With the completion of debate in the Senate and House over the health care reform bill and a move towards reconciling the two pieces of legislation, a Senate Democratic aide confirmed Monday to Truthout that the two chambers plan to forgo a formal conference committee in hopes of getting the final bill passed quickly.
The aide, who requested anonymity due to the sensitivity of the issue, said an informal conference committee hearing will be convened to negotiate the differences between the House and the Senate health care versions of the bill.
The aide added that discussions will be led primarily by Senate Majority Leader Harry Reid (D-Nevada), House Speaker Nancy Pelosi (D-California) and President Obama in conjunction with their House and Senate colleagues.
“I think the Republicans have made our decision for us,” a “>Rep. Henry Waxman (D-California) said in 2007 that when deciding to forgo formal negotiations, “We have to defer to the bigger picture.”
Legislators such as House Ways and Means Chairman Charles Rangel and other Democrats said at the time that because the bill on children’s health insurance (negotiated informally) largely chose the Senate version over that proposed by the House, the House had been “cut off at the knees.” However, in the final negotiations, they supported the proposed bill.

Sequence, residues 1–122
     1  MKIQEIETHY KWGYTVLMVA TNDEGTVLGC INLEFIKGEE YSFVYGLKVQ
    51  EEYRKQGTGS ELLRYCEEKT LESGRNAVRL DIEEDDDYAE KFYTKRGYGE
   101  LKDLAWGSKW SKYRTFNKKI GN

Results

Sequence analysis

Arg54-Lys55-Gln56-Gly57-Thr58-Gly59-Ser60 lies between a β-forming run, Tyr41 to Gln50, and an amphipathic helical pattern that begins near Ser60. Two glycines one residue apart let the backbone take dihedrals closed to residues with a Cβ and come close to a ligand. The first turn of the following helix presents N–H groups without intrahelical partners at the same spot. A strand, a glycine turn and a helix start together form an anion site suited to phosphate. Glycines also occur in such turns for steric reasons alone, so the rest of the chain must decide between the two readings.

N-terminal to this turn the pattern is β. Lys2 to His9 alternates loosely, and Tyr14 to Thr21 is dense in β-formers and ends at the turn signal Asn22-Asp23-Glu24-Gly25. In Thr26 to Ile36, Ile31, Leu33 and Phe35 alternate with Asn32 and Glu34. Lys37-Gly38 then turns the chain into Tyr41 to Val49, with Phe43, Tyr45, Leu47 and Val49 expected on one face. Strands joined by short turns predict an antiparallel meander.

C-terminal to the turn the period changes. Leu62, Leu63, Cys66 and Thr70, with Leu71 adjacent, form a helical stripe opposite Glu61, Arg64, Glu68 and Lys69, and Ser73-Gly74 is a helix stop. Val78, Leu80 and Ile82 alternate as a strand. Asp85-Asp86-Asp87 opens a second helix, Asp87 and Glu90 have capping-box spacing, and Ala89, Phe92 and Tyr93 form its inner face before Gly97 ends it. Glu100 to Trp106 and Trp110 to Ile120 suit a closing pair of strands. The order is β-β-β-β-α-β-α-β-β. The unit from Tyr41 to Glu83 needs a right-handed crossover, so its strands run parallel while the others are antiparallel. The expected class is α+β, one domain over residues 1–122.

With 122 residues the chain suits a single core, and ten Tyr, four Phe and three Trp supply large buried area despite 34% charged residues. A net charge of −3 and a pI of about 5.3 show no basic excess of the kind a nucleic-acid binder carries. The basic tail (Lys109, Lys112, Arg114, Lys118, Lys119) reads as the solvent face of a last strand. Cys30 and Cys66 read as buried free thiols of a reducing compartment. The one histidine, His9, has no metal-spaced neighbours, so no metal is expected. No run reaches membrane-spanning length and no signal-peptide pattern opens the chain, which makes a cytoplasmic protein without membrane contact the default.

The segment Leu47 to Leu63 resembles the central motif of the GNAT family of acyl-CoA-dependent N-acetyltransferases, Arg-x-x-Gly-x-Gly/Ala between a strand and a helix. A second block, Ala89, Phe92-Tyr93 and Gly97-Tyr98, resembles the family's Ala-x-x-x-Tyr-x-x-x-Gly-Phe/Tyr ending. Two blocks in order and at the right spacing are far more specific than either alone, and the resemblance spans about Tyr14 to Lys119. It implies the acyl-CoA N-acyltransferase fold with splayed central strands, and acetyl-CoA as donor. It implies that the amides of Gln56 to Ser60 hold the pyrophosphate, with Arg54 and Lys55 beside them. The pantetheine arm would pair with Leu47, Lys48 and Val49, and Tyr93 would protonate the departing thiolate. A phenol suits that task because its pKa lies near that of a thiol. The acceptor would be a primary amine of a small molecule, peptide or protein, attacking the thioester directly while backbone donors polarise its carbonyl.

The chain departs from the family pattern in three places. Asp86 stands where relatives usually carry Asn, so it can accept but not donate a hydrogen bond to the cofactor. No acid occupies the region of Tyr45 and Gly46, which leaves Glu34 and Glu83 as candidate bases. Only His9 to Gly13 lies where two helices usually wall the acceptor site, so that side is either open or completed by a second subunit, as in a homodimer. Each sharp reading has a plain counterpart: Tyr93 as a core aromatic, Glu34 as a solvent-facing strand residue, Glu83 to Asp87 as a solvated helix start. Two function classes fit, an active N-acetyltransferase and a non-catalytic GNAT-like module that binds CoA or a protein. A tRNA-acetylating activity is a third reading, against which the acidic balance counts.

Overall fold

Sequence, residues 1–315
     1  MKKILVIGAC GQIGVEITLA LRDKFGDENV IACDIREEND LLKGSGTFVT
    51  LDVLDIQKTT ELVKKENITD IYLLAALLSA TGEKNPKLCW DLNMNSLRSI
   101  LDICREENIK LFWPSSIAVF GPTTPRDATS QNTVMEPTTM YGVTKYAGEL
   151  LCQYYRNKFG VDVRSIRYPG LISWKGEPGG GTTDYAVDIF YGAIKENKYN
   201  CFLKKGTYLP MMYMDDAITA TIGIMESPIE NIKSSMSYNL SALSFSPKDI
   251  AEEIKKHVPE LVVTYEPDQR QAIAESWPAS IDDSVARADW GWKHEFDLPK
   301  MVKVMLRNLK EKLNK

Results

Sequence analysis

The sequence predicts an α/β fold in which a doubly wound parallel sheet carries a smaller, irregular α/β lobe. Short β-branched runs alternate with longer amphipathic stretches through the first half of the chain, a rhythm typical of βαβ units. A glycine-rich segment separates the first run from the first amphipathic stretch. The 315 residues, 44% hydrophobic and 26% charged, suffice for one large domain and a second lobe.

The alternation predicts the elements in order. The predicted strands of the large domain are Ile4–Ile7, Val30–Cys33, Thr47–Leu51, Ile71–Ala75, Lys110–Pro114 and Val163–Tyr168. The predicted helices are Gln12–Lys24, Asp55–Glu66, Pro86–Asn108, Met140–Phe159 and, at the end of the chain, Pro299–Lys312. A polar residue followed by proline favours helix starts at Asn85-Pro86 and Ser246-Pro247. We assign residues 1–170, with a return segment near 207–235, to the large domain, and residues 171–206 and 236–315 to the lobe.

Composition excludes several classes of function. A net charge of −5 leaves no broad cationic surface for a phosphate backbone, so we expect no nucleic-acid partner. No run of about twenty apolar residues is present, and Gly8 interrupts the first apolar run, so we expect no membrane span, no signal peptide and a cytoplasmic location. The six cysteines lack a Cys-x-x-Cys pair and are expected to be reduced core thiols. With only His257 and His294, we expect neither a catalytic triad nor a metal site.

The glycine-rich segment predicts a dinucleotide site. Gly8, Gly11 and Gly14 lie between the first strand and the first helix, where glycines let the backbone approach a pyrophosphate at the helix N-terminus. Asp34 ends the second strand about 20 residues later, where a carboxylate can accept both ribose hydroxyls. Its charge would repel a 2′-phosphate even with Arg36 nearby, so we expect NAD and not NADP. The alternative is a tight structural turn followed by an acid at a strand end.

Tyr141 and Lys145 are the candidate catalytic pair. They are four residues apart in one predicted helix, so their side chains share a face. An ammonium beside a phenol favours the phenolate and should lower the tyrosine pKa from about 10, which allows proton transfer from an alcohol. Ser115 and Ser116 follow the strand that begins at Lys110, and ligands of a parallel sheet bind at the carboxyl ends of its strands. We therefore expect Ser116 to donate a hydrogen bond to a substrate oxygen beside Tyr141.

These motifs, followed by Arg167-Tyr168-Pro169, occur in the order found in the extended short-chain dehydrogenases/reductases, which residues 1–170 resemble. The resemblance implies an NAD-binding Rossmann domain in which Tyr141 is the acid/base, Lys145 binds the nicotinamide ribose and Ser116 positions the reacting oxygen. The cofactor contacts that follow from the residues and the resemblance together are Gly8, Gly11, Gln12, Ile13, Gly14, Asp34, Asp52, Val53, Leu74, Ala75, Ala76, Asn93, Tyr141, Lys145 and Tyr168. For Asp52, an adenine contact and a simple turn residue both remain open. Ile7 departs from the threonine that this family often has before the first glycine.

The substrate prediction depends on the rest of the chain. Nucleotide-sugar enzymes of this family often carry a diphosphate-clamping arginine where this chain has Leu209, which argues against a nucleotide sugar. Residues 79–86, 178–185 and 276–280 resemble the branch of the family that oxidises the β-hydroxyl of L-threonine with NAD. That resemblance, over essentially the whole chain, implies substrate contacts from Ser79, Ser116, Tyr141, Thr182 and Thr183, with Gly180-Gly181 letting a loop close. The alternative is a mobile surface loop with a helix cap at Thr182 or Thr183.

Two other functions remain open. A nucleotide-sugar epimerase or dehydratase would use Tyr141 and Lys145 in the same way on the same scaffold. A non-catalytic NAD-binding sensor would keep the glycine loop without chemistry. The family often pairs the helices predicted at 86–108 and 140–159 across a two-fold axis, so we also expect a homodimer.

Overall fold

Sen. Kent Conrad (D-North Dakota), chair of the Budget Committee, already warned that the Senate may have disproportionate weight in the final decisions. If the final bill “isn’t close to the Senate bill, there will be no way to get the 60 votes here” to shut off debate and pass the final product in the case of a conference, “>this shouldn’t be news to members of the Senate,” said Lori Lodes, a spokeswoman for the Service Employees International Union, which is heavily involved in health care negotiations.
The House bill relies heavily on a tax increase to fund its reform, while the Senate version plans to tax some health insurance plans to fund its increased coverage. The House bill also allows the government to work toward lower drug prices, is projected to cover more people, includes a public option and would kick in a year earlier (2013) than the Senate plan.
However, it has much more stringent abortion regulations, passed in the form of the Stupak Amendment, which many say would make it nearly impossible for a low-income woman to obtain an abortion at an affordable rate. Many conservative Democrats in the House and Senate were unhappy with what they considered lax measures to prohibit the federal funding of abortion.
According to “>statement made by Minority Leader Mitch McConnell (R-Kentucky) following the successful passage of the bill on the Senate floor, “This fight isn’t over. My colleagues and I will work to stop this bill from becoming law.”